Hampton Loade Forge (not foundry) is certainly a significant site. There
was a blast furnace there from 1640 to 1660, but the main development was
in the 1790s and later. In 1790 William Jones a forge of the traditional
kind with a single finery. The works were probably enlarged in 1796 by
Robert Thompson and was associated with Aberdare ironworks in south Wales
and Gothersley Mill in Kinver from 1799. After the death of John Hodgetts
of Gothersley the partnership became Thompson and Hazledine. It was sold to
John Bradley & Co. of Stourbridge in 1819.
This was replaced by a state of the art forge of the Industrial Revolution
with three puddling furnaces in 1819, increased to five by 1822, when they
were scrapped in order that it could revert to charcoal ironmaking. I do
not know what ironmaking process it them used. In this period it was also
a tinplate works.
You will find details of its history in Norman Mutton's thesis of which
Dudley Archives have a copy. It did indeed use peat as fuel, obtained from
Whixall Moss in north Shropshire. I believe there are some surviving
accounts for the works from the 1820s, but I have not studied them. The
archives that Norman Mutton studied (then in the Apley Park estate office)
are now in Shropshire Record Office, but not all of it is catalogued yet.
Nevertheless, I think the portions of the archive that relate to the
ironworks are. The reference for the accounts is 5586/10/1/1-19. David
Poyner, to whom I am copying this message has also investigated some aspects
of the industrial archaeology.
The last I heard was that the ferry was currently not working, but efforts
were being made to get it going again.
The brook running through the forge site is the parish boundary between
Quatt and Alveley. Further up this was a paper mill, whose history is
described in Alan Nicholls, History of Alveley (privately 1994), 116.
Nicholls (p.119) says the origin of the Butter Cross is a mystery. It was
in Alveley manor and township. There is no reason to suspect the presence
of a deserted settlement of any significant size.
49, Stourbridge Road,
----- Original Message -----
From: Dave Ogden <[log in to unmask]>
To: <[log in to unmask]>
Sent: 12 July 2002 03:08
Subject: Hampton Loade a lost resource?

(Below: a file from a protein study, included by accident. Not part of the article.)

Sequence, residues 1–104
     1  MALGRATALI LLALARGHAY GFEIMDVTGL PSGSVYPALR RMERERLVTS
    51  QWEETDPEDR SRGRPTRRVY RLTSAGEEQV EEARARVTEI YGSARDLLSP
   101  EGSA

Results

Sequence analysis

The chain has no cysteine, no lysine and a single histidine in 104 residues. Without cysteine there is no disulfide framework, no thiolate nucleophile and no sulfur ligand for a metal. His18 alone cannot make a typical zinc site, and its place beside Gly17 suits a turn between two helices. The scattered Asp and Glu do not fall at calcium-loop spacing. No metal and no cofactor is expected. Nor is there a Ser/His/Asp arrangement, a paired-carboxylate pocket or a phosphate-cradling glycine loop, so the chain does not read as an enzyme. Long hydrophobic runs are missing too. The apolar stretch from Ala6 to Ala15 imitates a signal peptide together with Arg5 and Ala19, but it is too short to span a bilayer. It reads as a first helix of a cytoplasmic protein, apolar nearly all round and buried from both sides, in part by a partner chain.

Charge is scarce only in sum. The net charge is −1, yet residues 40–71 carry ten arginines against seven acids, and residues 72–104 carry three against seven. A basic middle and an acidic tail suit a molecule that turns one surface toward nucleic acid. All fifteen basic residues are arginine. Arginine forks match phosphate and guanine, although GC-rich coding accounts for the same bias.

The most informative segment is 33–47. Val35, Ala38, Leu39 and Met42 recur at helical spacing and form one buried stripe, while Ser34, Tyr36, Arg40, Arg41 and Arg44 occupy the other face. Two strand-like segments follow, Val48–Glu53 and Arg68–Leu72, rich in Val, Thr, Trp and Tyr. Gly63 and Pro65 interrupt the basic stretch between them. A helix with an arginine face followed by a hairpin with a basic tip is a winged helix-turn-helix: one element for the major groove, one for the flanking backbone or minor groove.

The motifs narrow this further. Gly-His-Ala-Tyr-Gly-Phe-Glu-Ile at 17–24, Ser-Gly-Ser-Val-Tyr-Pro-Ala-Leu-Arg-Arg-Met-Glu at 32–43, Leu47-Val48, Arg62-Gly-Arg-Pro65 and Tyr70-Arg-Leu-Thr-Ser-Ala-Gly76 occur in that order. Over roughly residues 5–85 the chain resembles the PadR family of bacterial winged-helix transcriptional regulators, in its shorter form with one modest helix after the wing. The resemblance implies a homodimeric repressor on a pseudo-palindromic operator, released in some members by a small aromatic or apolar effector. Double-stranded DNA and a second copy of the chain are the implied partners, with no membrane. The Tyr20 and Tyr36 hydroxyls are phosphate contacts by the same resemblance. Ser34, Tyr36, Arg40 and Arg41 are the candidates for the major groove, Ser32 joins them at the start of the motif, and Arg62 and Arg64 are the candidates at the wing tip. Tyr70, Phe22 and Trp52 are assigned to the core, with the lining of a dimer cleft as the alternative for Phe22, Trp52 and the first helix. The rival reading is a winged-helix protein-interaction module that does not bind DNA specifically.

> For the past 45 years I've visited a small hamlet in the Severn Valley
> England ( OS ref:- Landranger sheet 138, 745865 ). I've not taken too much
> notice of the archaeological significance of the area until recently as my
> main purpose was to visit a late 16th C inn known as the Lion. (excellent
> The Severn in this area has been allowed to revert to its' natural state
> much as is possible in these times)and due to flooding near to the banks,
> buildings which were hereuntobefore covered with overgrowth have been
> displayed. I always thought that it was a copse!!!
> I always knew that the hamlets' (relatively) recent growth was due to a
> foundry, not surprising really due to its' closeness to Ironbridge,
> Coalbrookdale, Bridgnorth, Jackfield etc., but I was very surprised this
> evening to see just how much of this foundry still survives! Walls of over
> metres surround the site (covered with ivy). All shop divides are still
> standing to varying heights (ie 30cm to 2 metres), sadly large trees have
> taken hold and are now destroying these divides!
> The approach to the site is via an iron bridge fording a fast flowing
> that serviced the works, again in rather bad repair but still able to
> vehicular traffic to pass.
> To give the relevant facts, I'll just list them instead of boring you all.
> 1. The Lion is the oldest building in the area. The present building was
> erected as a cider house and dates from the late 1500's. It is built upon
> much earlier site possibly dating from Roman times (ie evidence of
> cremations and later East West burials have been discovered to the rear of
> the property. This development has not been placed in the public domain,
> excavations were carried out in the 1960's)
> 2. A 14th C Butter Cross stands to the rear of the property approx 450m
> the Lion along a Greenway (this leads from the river up the hill towards
> Alveley). Aerial shots show signs of what may possibly be a deserted
> village, name unknown surrounding the cross.
> 3. The Foundry produced kitchenware, I had a conversation with a very
> elderly person some years ago who stated that his ancestors worked on the
> site, and that the Foundry was run on peat! Not coal or other combustibles
> is this possible??? In Bewdley Museum there are pieces from this site and
> must say that they are of a quality that I've never seen the like of
> They are identified as peat/iron produced
> 4.The river has for the past few hundred years had a ferry to cross
> the hamlet of Hampton Loade on the East bank and the hamlet of Hampton on
> the West. The name of Loade refers to a ford, the next area upstream that
> can identify with such a feature is Viroconium (Wroxeter)which was
> eventually bridged by the Romans during their occupation. Has anyone any
> suggestions to add to this hypothesis? (I gladly welcome constructive
> There is so much more about the site but I believe that I'm about to
> boring about it.
> I'll be visiting the site again on 25th July when I hope to photograph as
> much of the site as possible. If anyone is interested I'll gladly send
> .jpg's along via email
> Has anyone any further info on this site? Has it been written up? I'd hate
> it to crumble to nothing without some sort of survey being carried out.
> Many Thanks
> Wednesbury England
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